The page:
London Irish Regiment training on Graveney Marsh in 1940.

On the night of 27 September 1940, Luftwaffe pilot Fritz Ruhlandt and his crew dropped their 4,000lb cargo of bombs over London and headed home. Flying over Kent, their Junkers 88 bomber was hit by anti-aircraft fire from a gun emplacement beside the Medway at Upnor Castle. One engine was destroyed.

Spitfires and Hurricanes from 66 and 92 squadrons gave chase, under instructions to destroy it if they had to or, better still, force it to land. The Junkers 88 had come into service the previous September as soon as the war had broken out and had seen action over Poland, France and southern England. In those skies it had proved capable of taking heavy flak and continuing to fly. Its maximum speed was 292mph, its ceiling was 17,290ft and it had a range of 1,696 miles. It was a valuable asset and RAF scientists and designers dearly wanted to know its secrets. A general order had been issued to all units to capture one more or less intact. The RAF pilots succeeded in their aim, harrying the damaged aircraft engine until Ruhlandt had no option but to attempt a forced landing on Kent’s Graveney marshes. Unteroffizier Ruhlandt, despite being wounded, brought down his plane and he and his injured crew members crawled from the wreckage.

The descent and crash landing was heard by a unit of A Company, 1st Battalion, the London Irish Rifles at their billet at the Sportsman Inn in nearby Seasalter. As the threat of invasion by the Germans eased, their task changed to capturing any enemy aircrew brought down in the Kent countryside. During the Battle of Britain and throughout the late summer of 1940, the marshy flats had gained a new role as an emergency landing ground for crippled aircraft, both British and German. A Dornier Do 17 came down on the mudflats at Seasalter on 13 August 1940. Another bomber crash-landed just beside The Neptune pub at Whitstable on 16 August. The London Irish riflemen recognised what they had heard and around a dozen men rushed to the scene. They fully expected the four-strong Luftwaffe crew to give themselves up without a fight, but as they approached the plane, the Germans opened fire with a machine gun.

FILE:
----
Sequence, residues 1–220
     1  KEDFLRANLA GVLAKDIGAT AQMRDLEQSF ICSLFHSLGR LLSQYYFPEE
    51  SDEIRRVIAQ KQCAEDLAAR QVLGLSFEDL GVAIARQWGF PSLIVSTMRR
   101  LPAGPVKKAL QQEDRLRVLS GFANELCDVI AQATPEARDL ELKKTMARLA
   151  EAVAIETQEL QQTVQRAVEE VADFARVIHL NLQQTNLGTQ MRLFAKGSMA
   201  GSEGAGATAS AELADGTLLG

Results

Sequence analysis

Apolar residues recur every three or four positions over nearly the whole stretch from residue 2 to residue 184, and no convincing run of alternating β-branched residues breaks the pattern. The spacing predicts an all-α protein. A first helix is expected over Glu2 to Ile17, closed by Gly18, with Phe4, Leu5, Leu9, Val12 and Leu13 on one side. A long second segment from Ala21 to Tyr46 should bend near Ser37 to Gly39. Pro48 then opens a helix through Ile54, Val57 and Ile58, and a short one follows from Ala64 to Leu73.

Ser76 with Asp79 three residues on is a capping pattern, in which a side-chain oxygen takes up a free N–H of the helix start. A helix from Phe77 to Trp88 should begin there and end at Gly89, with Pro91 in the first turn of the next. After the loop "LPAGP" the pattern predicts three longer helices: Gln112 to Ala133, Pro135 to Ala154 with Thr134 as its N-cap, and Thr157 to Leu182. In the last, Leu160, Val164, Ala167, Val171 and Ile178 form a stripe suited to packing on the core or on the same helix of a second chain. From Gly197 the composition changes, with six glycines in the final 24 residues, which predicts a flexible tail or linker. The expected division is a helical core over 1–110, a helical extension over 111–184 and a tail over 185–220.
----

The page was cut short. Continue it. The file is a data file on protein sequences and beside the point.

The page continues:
The British servicemen hit the deck. The soldiers returned fire but were forced to take cover under a hail of bullets. The Irish Rifles regrouped and a small group crept along a dyke towards the Germans. When they were about 50yds away one of the airmen waved a white flag but as the soldiers closed in fighting erupted again before the Germans were overpowered. One of them was shot in the foot during the brief battle. Nobody was killed.

During the exchange, the Rifles’ commanding officer, Captain John Cantopher, arrived at the pub for an inspection. According to the regiment’s official records, a Sergeant Allworth explained he had sent the men to the downed aircraft.

‘They took arms I hope,’ Cantopher said. ‘No sir …’ The sergeant broke off. Sounds of machine gun fire could be heard. ‘It looks as if they should have done,’ commented Cantopher. ‘Forget the inspection, I am going over there. Bring some of your men with rifles and ammo.’

Witness Nigel Wilkinson said:

On approaching the aircraft the men were fired on by the German crew with the aircraft’s two machine guns. The London Irishmen got into attack formation and having laid down heavy rifle fire on the aircraft mounted an assault of the Junkers across the marsh. By now the enemy aircrew had been wounded by the rifle fire and decided to surrender. It was at this stage that Captain Cantopher came on the scene.

The soldiers knew that enemy bombers were fitted with time bombs that enemy crew would prime on crash landing. The soldiers discovered such a device and removed it. Unknown to the prisoners, one of the soldiers could speak German and he heard the fliers talking about a second time bomb due to go off at any moment. Cantopher dashed back to the aircraft, located it under one of the wings and threw it into the ditch, saving the prized aircraft for British engineers to examine.

The soldiers took the captured Germans back to the pub. Corporal George Willis, the regiment’s piper, was in the Sportsman when the men returned with the Germans. He recalled: ‘The men were in good spirits and came into the pub with the Germans. We gave the Germans pints of beer in exchange for a few souvenirs. I got a set of enamel Luftwaffe wings.’

The Luftwaffe aircrew went to prisoner-of-war camps. The riflemen were mentioned in dispatches for their tactical ability, which had forced the surrender of the heavily armed Luftwaffe crew. Unofficially, however, it is said the riflemen had their knuckles rapped for opening fire without being ordered to do so.

The Junkers 88 was transported to Farnborough airfield where RAF technicians discovered it was only two weeks old and had been fitted with a secret and extremely accurate new bombsight. The aircraft was characterised by extended wings, improved handling and upgraded navigational aids, and represented a state-of-the-art example of the Luftwaffe’s bomber stable. Which explains why the crew, doing their own patriotic duty, were so willing to fight until their aircraft was destroyed.

Cantopher was awarded the George Medal for his bravery. But otherwise the incident was kept quiet during the war as the British did not want the Germans to know that they had captured nearly intact one of their most modern bombers. Newspapers made no mention of it and memories faded over 70 years.

In September 2010, the London Irish Rifles Regimental Association marked its seventieth anniversary by unveiling a commemorative plaque at the Sportsman pub.

The ‘battle’ of Graveney Marsh was the last exchange of fire involving a foreign invading force to take place on mainland Britain.

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